Not secureThe threat landscape for the enterprise is always evolving, however, there are some trends that aren’t going anywhere anytime soon. These trends, as well as new and emerging issues, pose a significant threat to businesses around the world. As your organization’s CIO, you need to take responsibility for the continued protection of critical data; because if you don’t, nobody will.

Here are five significant trends that CIOs absolutely need to consider when building a security strategy for their organization:

Internet of Things Adoption will Dramatically Expand the Threat Landscape

The Internet of Things, a collective term for connected consumer devices, poses a significant threat to any business that isn’t prepared for it. Many IoT devices are little more than web-connected devices that offer notifications for social media accounts while others are full-fledged fitness accessories that are worn non-stop for health reasons. Regardless of their purpose, unregulated devices (especially those that are unsecured) will pose a problem for your organization. In a recent poll by Centrify, it was found that 34 percent of respondents claimed that a lack of IT management was a major concern for wearable devices, and 69 percent of wearable owners have no login protection whatsoever on their devices. Remember, all it takes is one unsecured device to compromise a network.

The Ability to Protect will Progressively Be Compromised

Organizations might be doing all that they can to eliminate traditional data breaches, but how effective are these measures when hackers can bypass them using stolen administrative credentials? Hackers that have stolen identity credentials are capable of bypassing security systems, making all of your hard work be for naught. This presents a unique need for additional security features, like two-factor authentication, biometric security, and identity confirmation tools, that are designed to help businesses ensure that those logging in with administrator credentials are who they say they are.

A High Likelihood of Disloyal Employees

Businesses often focus on protecting sensitive data from external threats, but a significant amount of trouble can come from internal threats, as well. Surprisingly, one of the most concerning developments is the fact that insider threats are so common – a survey from Sailpoint claims that one in five employees would be willing to hand over sensitive information, and another 30 percent would sell their passwords to willing buyers. These high numbers don’t even include those who may accidentally reveal their information to malicious sources, which means that employers need to be extremely cautious of insider threats at all times. One way that this issue can be resolved is through role-based data access, which can limit employees’ access to sensitive credentials in an attempt to limit the damage done by unexpected hacking attacks.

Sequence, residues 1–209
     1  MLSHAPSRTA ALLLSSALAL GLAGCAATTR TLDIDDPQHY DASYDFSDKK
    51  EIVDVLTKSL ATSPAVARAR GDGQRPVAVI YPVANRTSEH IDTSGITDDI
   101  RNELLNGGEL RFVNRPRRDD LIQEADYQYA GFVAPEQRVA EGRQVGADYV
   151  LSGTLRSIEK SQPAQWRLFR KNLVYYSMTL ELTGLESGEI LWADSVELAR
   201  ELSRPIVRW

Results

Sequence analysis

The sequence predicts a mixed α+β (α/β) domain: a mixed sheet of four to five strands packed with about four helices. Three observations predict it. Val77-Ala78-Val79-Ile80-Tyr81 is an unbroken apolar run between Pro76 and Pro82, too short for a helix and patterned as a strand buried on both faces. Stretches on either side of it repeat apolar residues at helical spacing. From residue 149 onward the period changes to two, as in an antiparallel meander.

Open-Source Vulnerabilities and Security Certificate Issues

When you think of open-source software, you’d do well to remember the lessons that Heartbleed, Poodle, and Shellshock taught about its use. Most important of all, Heartbleed, which left a whopping 66 percent of the Internet vulnerable to a bug that allowed the theft of data, even when protected by SSL/TLS, showed that open-source software is just as vulnerable to threats as any other type of software. Security is something that’s built and reinforced, not implied. In general, however, the aging infrastructure of the Internet may be susceptible to other types of attacks like this in the future.

Security of Mobile Devices and Data Access

There’s no denying that mobility is helping businesses, but one of the key concerns surrounding it is data security. Businesses need to ensure that they’re keeping data secure, but this can also hamper the mobility of an organization’s data. A study by Dell reports that 82 percent of IT decision makers limit data access in an attempt to improve security while InformationWeek reports that around 65 percent of organizations are limiting going mobile precisely because of security discrepancies. In order to effectively leverage mobile technology for your business, consider how it’s being used, and integrate a security strategy that revolves around your organization’s specific needs.

How does your organization handle these security concerns? Let us know in the comments, and be sure to subscribe to our blog.